Category: Sample Site
        Description: Widget to find content based on tags

Where are we

That’s a lot of stuff to put in place to get the widget ready and so far, it won’t do anything, which we’ll fix in a second, but you should now be able to enable this feature through the orchard admin interface and add a related content widget to your pages. You should see the following configuration;

image

and the display on the page will presently just show the no related content message (note here I’m using the default theme);

image

Updating the driver to get some content

This was one of the more difficult parts of this post, it took me an age to work out how the query interface worked, which was quite a surprise, but once you understand it, it’s pretty clear. Again, as ever, thanks to randompete and bertrandleroy on the forums for helping me out.

Getting content with one of the tags – the basic query

Lets start by just getting a list of content that has one of the tags, is ordered correctly and returns just the number of entries we’re looking for. To begin, we’re going to need an IContentManager injected by autofac that we can use to query content, so give the driver a constructor that takes one of these and store it into a private readonly field;

private readonly IContentManager _cms;

public RelatedContentWidgetDriver(IContentManager cms)
{
     _cms = cms;
}

We can now use this to query for content in our driver’s display method – change it as follows;

   1:          protected override DriverResult Display(RelatedContentWidgetPart part, string displayType, dynamic shapeHelper)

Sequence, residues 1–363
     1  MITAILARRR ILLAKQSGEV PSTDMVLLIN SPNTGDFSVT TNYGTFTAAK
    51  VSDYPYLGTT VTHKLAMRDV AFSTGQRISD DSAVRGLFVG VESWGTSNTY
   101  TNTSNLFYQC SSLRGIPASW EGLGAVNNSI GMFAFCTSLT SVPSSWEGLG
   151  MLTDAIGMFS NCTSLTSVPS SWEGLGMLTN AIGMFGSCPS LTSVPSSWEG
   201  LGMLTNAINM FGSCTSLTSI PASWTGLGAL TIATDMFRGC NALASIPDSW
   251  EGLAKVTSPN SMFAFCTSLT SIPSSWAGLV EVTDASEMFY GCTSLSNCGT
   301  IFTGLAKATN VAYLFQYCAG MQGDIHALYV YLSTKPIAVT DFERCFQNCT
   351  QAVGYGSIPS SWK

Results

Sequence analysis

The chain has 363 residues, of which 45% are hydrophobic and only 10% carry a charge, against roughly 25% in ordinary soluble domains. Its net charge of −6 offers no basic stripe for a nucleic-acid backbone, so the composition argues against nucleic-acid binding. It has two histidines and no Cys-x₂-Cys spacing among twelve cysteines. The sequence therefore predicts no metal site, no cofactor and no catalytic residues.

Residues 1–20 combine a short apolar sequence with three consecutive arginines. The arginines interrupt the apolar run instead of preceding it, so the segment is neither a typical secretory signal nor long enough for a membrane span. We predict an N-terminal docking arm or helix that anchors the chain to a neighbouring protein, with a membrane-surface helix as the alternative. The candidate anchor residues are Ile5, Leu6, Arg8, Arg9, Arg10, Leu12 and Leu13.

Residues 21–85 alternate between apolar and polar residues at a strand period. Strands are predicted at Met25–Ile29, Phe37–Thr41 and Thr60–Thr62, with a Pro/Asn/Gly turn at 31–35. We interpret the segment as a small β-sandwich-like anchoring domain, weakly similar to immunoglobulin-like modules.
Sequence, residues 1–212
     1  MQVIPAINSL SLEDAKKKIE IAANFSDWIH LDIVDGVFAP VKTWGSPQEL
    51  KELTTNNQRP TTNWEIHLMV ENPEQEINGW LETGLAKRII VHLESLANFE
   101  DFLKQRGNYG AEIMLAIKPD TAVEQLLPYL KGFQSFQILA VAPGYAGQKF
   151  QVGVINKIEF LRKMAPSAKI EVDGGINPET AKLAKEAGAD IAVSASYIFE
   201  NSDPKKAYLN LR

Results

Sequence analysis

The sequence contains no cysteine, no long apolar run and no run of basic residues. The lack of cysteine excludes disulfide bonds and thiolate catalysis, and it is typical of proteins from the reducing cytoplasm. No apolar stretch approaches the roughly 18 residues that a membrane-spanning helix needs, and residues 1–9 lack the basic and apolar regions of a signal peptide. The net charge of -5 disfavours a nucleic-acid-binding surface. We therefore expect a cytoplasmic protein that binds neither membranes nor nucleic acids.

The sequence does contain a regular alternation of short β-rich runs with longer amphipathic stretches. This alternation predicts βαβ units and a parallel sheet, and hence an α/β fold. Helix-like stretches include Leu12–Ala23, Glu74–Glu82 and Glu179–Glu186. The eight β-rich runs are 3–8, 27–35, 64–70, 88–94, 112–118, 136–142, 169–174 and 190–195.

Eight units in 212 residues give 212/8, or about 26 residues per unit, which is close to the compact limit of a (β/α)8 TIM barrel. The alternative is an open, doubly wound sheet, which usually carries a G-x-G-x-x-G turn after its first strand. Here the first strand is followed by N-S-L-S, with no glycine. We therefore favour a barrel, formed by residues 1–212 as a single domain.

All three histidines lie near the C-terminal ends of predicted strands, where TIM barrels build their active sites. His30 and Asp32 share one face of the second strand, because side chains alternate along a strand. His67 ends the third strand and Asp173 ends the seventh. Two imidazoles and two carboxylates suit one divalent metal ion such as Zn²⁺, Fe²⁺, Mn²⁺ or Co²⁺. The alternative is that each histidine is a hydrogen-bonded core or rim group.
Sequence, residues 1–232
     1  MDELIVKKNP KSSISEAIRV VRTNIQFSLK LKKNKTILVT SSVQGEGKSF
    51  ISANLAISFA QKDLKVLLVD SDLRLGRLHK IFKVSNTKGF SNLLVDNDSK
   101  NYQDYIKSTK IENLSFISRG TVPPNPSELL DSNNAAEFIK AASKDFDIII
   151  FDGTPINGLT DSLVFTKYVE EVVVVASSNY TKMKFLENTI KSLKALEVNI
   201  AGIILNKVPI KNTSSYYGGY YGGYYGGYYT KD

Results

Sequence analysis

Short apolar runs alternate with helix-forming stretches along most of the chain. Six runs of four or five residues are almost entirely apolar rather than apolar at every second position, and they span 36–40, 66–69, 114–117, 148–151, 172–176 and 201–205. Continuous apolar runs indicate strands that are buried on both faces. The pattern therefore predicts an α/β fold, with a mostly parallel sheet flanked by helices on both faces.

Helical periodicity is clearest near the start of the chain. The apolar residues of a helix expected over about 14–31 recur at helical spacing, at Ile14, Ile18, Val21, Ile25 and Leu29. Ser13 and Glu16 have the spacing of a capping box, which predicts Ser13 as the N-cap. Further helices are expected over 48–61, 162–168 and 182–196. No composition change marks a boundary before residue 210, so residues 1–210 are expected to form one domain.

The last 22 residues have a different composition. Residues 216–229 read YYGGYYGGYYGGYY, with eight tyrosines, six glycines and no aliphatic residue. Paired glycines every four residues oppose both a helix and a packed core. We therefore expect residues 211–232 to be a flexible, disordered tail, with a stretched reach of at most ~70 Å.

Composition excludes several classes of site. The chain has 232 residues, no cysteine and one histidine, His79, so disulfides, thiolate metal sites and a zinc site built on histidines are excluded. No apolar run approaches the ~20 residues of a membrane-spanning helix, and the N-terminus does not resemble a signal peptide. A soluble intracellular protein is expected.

2:          {
   3:              // Convert CSV tags to list
   4:              List<string> tags = new List<string>();
   5:              if (!String.IsNullOrWhiteSpace(part.TagList))
   6:              {
   7:                  Array.ForEach(part.TagList.Split(','), t =>
   8:                  {
   9:                      if (!String.IsNullOrWhiteSpace(t))
  10:                      {
  11:                          t = t.Trim();
  12:                          if (!tags.Contains(t))
  13:                              tags.Add(t);
  14:                      }
  15:                  });
  16:              }
  17:   
  18:              // If we have no tags.....
  19:              if (tags.Count < 1)
  20:              {
  21:                  return ContentShape("Parts_RelatedContentWidget",
  22:                      () => shapeHelper.Parts_RelatedContentWidget(
  23:                              ContentItems: shapeHelper.List()
  24:                              ));
  25:              }
  26:   
  27:              IEnumerable<TagsPart> parts = 
  28:                  _cms.Query<TagsPart, TagsPartRecord>()
  29:                  .Where(tpr => tpr.Tags.Any(t => tags.Contains(t.TagRecord.TagName)))
  30:                  .Join<CommonPartRecord>()
  31:                  .OrderByDescending(cpr => cpr.PublishedUtc)
  32:                  .Slice(part.MaxItems);
  33:   
  34:              // Create a list and push our display content items in
  35:              var list = shapeHelper.List();
  36:              list.AddRange(parts.Select(p => _cms.BuildDisplay(p, "Summary")));
  37:   
  38:              return ContentShape("Parts_RelatedContentWidget",
  39:                  () => shapeHelper.Parts_RelatedContentWidget(
  40:                          ShowListOnly : part.ShowListOnly,
  41:                          ContentItems : list
  42:                          ));
  43:          }